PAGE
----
EcoFlight flew with the Sonoran Institute over the Gallatin Range and over "rural sprawl" and "distressed subdivisions" that have occurred in the Gallatin area.
The Gallatin Mountains, a wild rugged range bordered by the Gallatin River to the west and the expansive Yellowstone Valley to the east, directly links the community of Bozeman, Montana with the Greater Yellowstone Ecosystem and the world's first national park. The Gallatin Range houses pristine wildlife habitat and serves as a major corridor linking wildlife populations from Yellowstone National Park to the Greater Yellowstone Ecosystem.
Within the larger landscape of the Gallatin Range sits the 155,000-acre Gallatin Crest, which in 1977 was designated the Hyalite Porcupine Buffalo Horn Wilderness Study Area.
Since 1970, the population of western Montana has grown by about 50 percent, while the number of acres of land developed in the same area has exceeded 200 percent. However, the growth has not been concentrated around major towns but has spread along valleys in Montana, erasing working farms and ranches, ruining wildlands and wildlife corridors and putting enormous strain on nearby towns that have to provide services to faraway subdivisions and homes. After a massive consumption of private land for development, the economic meltdown has brought negative land values and created "distressed subdivisions" of platted and unbuilt development.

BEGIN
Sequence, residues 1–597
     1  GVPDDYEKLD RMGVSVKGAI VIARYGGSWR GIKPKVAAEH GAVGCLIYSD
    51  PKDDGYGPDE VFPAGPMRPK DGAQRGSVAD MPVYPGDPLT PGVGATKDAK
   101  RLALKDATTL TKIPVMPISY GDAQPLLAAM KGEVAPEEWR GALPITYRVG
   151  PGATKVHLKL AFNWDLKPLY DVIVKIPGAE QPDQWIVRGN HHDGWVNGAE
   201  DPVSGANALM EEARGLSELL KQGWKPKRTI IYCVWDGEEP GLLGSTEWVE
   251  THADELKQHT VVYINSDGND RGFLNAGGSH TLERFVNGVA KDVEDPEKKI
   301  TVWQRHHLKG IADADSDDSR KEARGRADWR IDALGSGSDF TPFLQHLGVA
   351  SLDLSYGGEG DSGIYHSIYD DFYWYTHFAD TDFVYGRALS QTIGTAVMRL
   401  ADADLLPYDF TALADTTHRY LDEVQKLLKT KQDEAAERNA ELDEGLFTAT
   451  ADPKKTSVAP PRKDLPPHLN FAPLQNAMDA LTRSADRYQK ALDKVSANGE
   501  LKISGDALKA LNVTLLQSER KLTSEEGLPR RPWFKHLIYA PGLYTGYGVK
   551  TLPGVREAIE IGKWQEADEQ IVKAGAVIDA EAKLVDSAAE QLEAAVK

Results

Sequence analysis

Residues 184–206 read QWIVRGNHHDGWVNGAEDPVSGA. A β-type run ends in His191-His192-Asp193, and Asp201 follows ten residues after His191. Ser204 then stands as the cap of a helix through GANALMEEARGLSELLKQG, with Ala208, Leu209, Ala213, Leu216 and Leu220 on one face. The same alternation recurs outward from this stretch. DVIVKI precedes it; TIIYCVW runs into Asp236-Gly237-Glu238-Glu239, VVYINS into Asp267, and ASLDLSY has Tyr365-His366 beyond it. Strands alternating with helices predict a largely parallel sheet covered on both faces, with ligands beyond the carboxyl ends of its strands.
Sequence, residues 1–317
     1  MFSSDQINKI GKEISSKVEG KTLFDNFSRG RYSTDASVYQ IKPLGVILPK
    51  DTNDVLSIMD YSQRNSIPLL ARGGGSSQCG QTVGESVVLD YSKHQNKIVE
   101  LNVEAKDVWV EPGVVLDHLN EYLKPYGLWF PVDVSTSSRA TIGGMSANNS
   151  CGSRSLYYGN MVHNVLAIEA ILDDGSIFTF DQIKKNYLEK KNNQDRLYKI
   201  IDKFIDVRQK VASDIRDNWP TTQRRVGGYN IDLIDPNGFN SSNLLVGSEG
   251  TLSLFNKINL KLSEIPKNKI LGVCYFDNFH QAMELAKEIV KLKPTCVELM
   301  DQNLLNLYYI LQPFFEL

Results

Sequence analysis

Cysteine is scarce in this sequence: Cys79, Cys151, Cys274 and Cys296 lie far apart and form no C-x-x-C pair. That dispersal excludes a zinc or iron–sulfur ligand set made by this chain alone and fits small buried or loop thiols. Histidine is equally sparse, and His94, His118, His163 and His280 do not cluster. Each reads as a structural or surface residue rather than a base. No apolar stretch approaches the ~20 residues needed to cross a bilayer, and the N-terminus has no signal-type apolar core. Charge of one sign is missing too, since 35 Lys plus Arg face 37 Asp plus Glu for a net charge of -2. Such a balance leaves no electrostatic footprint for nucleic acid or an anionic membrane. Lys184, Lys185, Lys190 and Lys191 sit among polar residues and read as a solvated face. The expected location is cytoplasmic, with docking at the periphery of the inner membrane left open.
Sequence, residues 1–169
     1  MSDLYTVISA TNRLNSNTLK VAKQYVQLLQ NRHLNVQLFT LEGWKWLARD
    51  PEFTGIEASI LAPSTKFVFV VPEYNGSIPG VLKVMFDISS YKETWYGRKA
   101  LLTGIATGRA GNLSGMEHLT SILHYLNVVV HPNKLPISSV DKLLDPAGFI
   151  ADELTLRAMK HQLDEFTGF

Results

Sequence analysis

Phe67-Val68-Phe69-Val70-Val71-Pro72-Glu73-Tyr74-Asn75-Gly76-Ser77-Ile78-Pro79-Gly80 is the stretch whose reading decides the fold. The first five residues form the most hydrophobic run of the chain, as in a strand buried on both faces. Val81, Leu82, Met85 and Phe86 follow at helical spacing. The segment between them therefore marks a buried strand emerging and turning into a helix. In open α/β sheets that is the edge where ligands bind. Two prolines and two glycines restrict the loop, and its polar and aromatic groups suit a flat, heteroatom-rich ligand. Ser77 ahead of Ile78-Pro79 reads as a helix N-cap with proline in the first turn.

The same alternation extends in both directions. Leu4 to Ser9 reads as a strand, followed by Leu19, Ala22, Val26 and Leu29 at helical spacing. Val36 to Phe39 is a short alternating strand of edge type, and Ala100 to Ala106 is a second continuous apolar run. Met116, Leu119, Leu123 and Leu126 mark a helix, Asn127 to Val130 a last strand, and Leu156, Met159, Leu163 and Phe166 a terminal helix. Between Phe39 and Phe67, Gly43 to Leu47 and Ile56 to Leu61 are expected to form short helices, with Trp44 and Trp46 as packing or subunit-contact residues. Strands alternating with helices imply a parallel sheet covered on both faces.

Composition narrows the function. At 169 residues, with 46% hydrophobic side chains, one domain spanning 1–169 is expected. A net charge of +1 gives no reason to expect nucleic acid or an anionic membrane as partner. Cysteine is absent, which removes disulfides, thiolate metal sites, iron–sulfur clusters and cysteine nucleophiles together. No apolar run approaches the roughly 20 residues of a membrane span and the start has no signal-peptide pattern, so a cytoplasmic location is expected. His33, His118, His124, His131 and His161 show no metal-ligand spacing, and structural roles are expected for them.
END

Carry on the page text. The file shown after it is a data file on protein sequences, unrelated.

In a recent research report, the Sonoran Institute demonstrated that a smart "compact growth" plan in Gallatin County, Montana, would save $53 million between now and 2025. The savings could come from reducing the amount of roads that need to be built, paved, maintained and patrolled. Additionally, walkable neighborhoods and downtown residential areas could be created and conservation easements would allow wildlife to pass through working ranches.